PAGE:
In January, Facebook changed its 28-day attribution for ads to a 7-day attribution. Facebook didn’t do a very good job telling users about it, and the site’s page on it appears to have been deleted. This means that if anyone clicks on an ad and makes a purchase within seven days, as a result, the owner of the ad will get credit or commissions.
In other words, if you make money by posting ads for other companies, your window of opportunity to make money has gone from 28 days to just seven. This means that you might need to scale up your efforts. The worst part is that Facebook neglected to tell Ads clients about the change effectively. If you think your business model can survive it, then it’s time to start making the necessary alterations. If not, it might be time to jump ship altogether.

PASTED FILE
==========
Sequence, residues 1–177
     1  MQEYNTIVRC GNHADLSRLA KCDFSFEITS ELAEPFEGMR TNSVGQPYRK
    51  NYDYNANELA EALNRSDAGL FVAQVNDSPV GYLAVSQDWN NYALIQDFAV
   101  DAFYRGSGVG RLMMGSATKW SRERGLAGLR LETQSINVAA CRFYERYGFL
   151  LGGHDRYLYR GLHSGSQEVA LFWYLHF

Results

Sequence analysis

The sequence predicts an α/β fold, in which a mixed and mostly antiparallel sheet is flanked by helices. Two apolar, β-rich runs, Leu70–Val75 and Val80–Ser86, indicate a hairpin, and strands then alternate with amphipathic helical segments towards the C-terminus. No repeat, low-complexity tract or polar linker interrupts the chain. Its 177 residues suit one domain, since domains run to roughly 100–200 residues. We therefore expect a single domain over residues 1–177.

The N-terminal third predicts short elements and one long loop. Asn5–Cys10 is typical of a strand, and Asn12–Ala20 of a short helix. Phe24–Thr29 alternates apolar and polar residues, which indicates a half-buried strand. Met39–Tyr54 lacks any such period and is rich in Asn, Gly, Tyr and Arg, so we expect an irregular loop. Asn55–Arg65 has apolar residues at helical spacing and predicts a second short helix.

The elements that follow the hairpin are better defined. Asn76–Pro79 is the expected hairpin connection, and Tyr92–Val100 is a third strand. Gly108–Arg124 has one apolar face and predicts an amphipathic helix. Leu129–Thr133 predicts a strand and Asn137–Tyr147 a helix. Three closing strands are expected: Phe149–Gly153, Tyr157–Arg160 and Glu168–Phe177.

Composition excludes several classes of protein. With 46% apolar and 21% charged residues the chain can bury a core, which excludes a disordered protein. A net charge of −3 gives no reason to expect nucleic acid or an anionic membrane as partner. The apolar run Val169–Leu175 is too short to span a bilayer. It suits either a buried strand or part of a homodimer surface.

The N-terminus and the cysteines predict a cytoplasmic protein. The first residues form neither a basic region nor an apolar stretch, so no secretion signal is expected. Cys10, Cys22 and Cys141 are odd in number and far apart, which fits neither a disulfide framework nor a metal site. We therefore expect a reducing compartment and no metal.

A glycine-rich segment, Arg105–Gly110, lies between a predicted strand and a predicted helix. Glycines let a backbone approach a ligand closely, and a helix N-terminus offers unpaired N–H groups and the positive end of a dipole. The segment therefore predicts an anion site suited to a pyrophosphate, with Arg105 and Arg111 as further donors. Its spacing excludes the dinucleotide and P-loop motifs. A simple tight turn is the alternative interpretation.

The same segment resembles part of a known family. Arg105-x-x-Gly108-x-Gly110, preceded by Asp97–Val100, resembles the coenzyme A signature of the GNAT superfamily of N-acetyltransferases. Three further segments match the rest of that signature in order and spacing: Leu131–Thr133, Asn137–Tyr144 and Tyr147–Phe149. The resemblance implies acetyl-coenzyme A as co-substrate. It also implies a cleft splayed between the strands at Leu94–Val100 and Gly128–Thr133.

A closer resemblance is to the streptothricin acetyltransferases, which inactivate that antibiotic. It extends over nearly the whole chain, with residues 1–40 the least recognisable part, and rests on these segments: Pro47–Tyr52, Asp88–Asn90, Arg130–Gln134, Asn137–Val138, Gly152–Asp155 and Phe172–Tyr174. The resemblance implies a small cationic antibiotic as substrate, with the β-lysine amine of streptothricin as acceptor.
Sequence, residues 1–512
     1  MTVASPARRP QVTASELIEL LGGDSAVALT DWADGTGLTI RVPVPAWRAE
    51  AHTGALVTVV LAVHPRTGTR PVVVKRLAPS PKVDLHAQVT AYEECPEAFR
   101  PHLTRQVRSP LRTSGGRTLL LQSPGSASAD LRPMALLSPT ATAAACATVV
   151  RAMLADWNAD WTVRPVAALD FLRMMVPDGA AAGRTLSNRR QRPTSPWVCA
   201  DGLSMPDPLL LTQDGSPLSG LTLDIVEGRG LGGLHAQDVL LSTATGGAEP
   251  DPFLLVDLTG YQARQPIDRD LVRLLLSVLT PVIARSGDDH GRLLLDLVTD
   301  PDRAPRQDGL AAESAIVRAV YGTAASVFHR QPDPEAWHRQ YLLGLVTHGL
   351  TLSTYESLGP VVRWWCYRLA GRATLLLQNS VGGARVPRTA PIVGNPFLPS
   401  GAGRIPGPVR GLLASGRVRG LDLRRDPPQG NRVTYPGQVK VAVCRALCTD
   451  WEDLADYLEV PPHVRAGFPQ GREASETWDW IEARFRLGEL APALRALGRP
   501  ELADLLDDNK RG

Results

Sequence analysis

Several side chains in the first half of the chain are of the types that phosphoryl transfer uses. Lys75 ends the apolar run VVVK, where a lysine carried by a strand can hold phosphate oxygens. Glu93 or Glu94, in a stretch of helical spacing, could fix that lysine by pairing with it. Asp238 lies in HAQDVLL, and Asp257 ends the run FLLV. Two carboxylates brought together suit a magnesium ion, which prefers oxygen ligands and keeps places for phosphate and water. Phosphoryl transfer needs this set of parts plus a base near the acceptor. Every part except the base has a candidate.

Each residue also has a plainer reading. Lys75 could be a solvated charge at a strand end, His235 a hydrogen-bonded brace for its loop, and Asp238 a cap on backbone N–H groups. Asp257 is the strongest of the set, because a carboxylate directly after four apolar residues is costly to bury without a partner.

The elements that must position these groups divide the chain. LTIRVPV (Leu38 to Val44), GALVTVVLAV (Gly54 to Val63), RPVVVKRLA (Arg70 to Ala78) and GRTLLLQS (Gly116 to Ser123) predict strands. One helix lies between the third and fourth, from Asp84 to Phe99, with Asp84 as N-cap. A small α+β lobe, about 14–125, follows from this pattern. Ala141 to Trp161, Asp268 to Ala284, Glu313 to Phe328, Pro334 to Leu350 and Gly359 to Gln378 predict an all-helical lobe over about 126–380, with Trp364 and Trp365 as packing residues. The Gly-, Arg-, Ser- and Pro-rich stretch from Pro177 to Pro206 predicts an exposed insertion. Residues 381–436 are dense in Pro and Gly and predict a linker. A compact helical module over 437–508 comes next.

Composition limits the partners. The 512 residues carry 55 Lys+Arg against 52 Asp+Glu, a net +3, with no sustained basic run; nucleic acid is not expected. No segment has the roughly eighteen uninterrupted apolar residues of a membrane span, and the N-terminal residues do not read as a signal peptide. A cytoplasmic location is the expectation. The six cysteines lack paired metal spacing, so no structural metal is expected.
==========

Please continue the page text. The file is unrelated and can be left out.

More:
Understanding These Changes
There’s no getting around the fact that competition has something to do with it. Major corporations lobby Washington to promote a legislation climate that benefits them. They also use their power, money, and influence to promote a software environment that’s good for them- and usually bad for you. In addition to this, as stated, the hardware infrastructures that these companies like Facebook and Apple must run and maintain are burdened by every byte of power and choice they give you. That means they will always feel pressure to curtail that power.
But there are other things you can do about it, in addition to politely asking Facebook not to bulldoze your digital home.
Additional Action You Can Take to Protect Your Online Business